Wednesday, April 4, 2007

And Another One Bites the Dust…
An Older But Wiser Gopher, Mark McCahill, Hits the Trail

From today’s Star-Tribune:

Duke lures U computer expert away
Mark McCahill grew impatient with the ups and downs of public funding.

By Steve Alexander, Star Tribune

Mark McCahill, a researcher who helped make the Internet more usable in its early days, is leaving the University of Minnesota for Duke University because the private school can better fund his computer research.

"The U of M needs to do well with the Legislature to get research funds, and it's been up and down," McCahill said. Overall, state funding for the university has declined significantly since he was a chemistry student in the late 1970s, he said.

"We're sorry to see him go, but his offer from Duke is a great opportunity, and he'll continue to be a constructive force in higher education," said university spokesman Daniel Wolter. "Many of his frustrations are understandable, as these haven't been easy times." The U has been forced to divert its available funds to other computer projects, such as upgrading its financial systems, he said.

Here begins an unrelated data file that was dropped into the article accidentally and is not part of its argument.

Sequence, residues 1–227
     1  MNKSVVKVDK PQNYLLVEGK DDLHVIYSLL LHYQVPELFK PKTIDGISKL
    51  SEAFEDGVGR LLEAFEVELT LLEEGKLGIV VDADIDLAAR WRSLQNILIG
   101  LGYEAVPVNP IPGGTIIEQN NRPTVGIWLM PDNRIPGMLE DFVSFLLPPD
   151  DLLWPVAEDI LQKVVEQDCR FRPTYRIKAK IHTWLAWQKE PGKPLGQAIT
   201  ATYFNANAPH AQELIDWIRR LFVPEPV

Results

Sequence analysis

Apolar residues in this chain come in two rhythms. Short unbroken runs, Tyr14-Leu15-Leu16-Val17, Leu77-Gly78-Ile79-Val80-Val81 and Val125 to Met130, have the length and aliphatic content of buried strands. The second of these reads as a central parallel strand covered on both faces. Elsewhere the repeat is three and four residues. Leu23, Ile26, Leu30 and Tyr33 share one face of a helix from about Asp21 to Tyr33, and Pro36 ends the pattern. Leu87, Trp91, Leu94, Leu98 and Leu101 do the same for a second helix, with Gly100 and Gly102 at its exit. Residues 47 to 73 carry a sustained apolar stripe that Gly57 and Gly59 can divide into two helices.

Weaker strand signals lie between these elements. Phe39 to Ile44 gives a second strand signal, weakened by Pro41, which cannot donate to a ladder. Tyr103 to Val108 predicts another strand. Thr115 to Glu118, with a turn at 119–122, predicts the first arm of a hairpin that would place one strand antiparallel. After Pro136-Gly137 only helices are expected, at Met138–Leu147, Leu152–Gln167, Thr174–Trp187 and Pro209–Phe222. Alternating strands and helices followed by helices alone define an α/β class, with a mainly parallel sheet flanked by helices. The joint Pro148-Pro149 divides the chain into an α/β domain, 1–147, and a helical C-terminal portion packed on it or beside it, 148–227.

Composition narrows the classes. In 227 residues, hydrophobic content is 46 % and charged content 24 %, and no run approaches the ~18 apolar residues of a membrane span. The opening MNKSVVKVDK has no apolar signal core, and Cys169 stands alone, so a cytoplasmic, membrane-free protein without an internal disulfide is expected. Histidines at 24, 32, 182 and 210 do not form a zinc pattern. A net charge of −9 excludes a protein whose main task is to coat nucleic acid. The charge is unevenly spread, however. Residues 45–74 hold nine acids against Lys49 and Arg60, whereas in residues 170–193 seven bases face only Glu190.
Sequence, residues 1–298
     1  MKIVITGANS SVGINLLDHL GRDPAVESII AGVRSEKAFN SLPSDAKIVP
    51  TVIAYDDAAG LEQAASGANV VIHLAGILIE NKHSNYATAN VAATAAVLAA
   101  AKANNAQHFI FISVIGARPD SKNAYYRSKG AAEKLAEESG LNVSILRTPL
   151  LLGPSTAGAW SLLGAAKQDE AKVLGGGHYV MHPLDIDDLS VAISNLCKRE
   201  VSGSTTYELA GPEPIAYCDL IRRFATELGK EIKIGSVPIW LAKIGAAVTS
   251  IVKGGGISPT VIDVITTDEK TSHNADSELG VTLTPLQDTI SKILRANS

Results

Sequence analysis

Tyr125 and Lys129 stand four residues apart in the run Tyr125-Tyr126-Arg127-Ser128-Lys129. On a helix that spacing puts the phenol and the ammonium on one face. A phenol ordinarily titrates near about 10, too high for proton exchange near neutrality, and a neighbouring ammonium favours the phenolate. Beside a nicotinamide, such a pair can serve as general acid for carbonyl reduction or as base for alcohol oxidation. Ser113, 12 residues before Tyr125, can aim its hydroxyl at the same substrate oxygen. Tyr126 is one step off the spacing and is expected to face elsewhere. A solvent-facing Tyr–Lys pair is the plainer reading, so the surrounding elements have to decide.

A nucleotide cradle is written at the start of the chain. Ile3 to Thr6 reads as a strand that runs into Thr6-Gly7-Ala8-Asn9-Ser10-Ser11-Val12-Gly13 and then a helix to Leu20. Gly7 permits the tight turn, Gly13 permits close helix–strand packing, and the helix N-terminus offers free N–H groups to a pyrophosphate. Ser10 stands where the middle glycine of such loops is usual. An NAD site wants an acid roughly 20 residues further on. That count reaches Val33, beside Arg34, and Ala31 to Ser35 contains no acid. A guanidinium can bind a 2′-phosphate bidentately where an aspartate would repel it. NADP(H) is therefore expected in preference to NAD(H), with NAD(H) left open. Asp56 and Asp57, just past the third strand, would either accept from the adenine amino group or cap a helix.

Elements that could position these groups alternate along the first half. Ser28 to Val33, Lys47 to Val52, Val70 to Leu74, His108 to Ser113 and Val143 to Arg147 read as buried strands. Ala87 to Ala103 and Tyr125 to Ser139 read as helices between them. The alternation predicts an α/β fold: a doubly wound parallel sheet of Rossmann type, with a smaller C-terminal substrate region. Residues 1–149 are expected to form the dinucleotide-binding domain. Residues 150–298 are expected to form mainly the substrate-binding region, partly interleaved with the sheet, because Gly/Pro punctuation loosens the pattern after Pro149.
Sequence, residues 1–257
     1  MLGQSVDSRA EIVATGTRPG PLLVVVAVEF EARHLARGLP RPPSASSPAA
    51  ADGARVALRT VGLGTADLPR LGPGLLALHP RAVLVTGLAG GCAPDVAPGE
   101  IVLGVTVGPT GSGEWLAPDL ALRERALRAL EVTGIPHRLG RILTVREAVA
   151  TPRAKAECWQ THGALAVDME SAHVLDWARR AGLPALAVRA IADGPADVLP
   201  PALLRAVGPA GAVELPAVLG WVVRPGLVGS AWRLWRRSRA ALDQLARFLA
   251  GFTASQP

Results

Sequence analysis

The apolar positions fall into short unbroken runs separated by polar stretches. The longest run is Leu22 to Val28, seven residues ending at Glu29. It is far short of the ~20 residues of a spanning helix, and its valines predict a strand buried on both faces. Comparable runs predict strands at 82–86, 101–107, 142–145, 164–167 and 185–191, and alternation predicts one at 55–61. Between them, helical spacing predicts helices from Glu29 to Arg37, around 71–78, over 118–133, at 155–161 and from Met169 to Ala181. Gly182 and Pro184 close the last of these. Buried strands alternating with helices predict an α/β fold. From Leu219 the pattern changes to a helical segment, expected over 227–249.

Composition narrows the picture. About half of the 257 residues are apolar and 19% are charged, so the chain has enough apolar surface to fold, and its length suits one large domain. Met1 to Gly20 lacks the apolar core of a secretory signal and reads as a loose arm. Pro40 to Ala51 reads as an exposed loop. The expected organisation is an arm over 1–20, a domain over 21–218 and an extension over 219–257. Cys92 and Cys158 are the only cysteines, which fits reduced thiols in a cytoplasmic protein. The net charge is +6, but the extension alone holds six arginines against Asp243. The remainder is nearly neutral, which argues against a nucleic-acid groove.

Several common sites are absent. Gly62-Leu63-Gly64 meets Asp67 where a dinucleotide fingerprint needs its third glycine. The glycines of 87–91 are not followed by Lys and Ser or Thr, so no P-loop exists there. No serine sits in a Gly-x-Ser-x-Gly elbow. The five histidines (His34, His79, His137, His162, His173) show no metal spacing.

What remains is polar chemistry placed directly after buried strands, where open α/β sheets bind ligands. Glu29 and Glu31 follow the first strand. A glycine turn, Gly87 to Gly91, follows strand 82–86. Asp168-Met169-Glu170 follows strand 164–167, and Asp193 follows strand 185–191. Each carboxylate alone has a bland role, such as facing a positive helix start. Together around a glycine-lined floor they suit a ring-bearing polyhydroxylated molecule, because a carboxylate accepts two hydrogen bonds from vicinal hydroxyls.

That would be PeopleSoft and Forms Nirvana?

Now an assistant director in the U's academic and distributed computing services with no teaching duties, McCahill says his new title will be "architect of 3-D learning and collaborative systems." He will start at Duke, in Durham, N.C., later this month.

It isn't the first time he has done cutting-edge computer research. In the early 1990s he helped develop the Gopher server, an early gateway to the Internet that made it easy to search for information by typing in text.

Gopher lost out to the World Wide Web (www for short) in 1994 because Gopher dealt only in information, while the Web combined information and advertising, McCahill said. A budget crunch worsened the situation because it forced the university to sell Gopher software to corporations, while the competing World Wide Web software was being given away.

"If we had had more resources, I think we could have given the Web guys a run for it," McCahill said. "But we'll never know."

"There have been fascinating technical challenges and great people to work with at the U of M," McCahill said. "But as you get older you get less patient about wanting to get important things done. You realize there's only so much time left in your work life."

As Mr.Bonzo has pointed out before, if we can’t keep the good people we’ve got, how are we ever going to become one of the three top public research universities in the world?

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